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KRK Rokit 6 and HD500x is a muddy, bassy mess.


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I use the Rokit 8's and they work nicely so the 6's should be fine too.


I have my POD set to "Studio Out" vs. "Amp" and also use the "XLR" output.


My A.I. is a 'transparent' PreSonus Firewire of which I then use it's "Line Out" to the Rokits "Balanced TRS" input.

As the Rokits also have XLR inputs, I'd bet the XLR to XLR connection would be a bit better/cleaner.

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Once you have the basics of outputs and connections setup and optimized, look at the CAB DEP parameters to clean up that muddy tone.  For me that often works well without having to make excessive tone stack changes or additional EQ...

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If the monitors are on a desk they'l sound worse than tubby.

So too if too close to room corner.


Any monitor will sound best up on a solid stand out from the rear and side walls. 

This also goes for guitar amps and cabs.


Bass trapping in the corners of the room is always, ALWAYs a good idea.


It is important that your room is not coloring the sound your getting to tape or DAW.

You probably know this. 


I too use roket 6's for tracking and the low end is not the problem. I find the HD500's shrill is to my ears anyway. I record via s/pdif.


I do notice a big bump in boominess when using USB as interface.


The low end is tubby at best on the Rokets but they are affordable and better than none. The room treatment is vital for good mixes that'l translate to other listening environments.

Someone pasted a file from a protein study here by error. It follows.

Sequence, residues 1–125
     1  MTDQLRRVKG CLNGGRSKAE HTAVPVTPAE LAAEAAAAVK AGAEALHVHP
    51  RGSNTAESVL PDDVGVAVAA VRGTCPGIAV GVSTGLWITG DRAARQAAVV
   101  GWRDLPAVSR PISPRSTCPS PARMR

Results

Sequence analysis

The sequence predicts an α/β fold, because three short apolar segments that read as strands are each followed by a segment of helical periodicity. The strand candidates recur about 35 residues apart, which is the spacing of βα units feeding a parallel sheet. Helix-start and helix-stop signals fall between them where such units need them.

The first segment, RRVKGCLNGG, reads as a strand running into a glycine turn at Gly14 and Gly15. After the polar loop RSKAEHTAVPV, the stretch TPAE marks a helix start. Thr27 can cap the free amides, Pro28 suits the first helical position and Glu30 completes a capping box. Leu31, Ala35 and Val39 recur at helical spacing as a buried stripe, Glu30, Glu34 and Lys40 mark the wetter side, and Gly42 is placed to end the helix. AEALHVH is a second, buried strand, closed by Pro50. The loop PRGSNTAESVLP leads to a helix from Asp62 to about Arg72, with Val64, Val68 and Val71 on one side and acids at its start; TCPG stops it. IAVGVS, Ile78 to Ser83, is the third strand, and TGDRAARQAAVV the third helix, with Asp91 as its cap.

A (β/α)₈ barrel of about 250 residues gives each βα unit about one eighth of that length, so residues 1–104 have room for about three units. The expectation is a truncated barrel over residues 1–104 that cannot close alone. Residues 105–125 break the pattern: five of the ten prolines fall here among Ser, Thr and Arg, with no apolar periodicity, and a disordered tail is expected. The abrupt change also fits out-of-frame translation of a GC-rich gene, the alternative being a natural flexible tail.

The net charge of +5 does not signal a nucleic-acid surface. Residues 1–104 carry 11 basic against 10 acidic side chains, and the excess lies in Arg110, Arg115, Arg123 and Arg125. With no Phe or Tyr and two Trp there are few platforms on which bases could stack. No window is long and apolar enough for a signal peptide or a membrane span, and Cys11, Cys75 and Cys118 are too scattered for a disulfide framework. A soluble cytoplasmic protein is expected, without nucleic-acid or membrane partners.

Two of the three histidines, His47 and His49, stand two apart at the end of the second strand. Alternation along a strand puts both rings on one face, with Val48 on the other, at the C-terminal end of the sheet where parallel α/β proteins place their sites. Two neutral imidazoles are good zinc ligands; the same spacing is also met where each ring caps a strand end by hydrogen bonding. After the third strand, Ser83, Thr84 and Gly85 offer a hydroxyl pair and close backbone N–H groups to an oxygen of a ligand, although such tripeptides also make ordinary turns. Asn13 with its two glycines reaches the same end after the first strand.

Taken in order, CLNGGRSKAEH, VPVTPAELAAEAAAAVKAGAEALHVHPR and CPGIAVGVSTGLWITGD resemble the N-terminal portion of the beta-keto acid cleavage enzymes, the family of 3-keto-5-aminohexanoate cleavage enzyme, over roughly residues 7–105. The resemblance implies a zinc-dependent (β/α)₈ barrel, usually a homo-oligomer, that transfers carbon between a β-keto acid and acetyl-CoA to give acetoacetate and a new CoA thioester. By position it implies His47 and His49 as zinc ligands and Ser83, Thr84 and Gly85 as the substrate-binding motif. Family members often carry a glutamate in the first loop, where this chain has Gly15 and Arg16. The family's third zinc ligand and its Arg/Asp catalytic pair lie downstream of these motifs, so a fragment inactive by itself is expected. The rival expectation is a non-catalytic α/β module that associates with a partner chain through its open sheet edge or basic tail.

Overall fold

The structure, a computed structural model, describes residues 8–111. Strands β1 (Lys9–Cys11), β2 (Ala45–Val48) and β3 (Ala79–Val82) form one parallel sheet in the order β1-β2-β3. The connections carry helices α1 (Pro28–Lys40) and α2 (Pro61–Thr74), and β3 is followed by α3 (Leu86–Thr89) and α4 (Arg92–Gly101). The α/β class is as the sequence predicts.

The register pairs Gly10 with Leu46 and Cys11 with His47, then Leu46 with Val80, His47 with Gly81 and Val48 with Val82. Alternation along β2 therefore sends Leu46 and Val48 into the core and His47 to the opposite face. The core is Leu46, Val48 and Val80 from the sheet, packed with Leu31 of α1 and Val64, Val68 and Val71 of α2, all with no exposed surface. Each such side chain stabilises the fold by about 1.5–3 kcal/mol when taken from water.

Getting the room right is time and money well spent

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  • 2 weeks later...

The biggest breakthrough for me with getting the cabs to sound clear is to turn resonance down, or off. At the default setting of 50%, the differences between the various cabs and mics seem greatly over-exaggerated, with cabs like the XXL being pretty much unusable. With resonance at anything from 0-10% the difference for me has been night and day.


Some other tips you might want to look into for rhythm patch creating is to cut some of the bass before it hits the amp. Typically a rhythm patch for me goes something like:


Tube Screamer (Drive 10%, Bass 35%, Treble 50%, Tone 70%) -> Noise Gate (Decay 10%, Threshold, varies) -> Amp

I find this way that I can get away with having a bit more bass in the amp itself (which gives the cab a bit of body) without it being fuzzy or messy. Obviously a lot of this is also going to depend on your particular guitar/pickups/playing style/etc.


Hope some of this helps!

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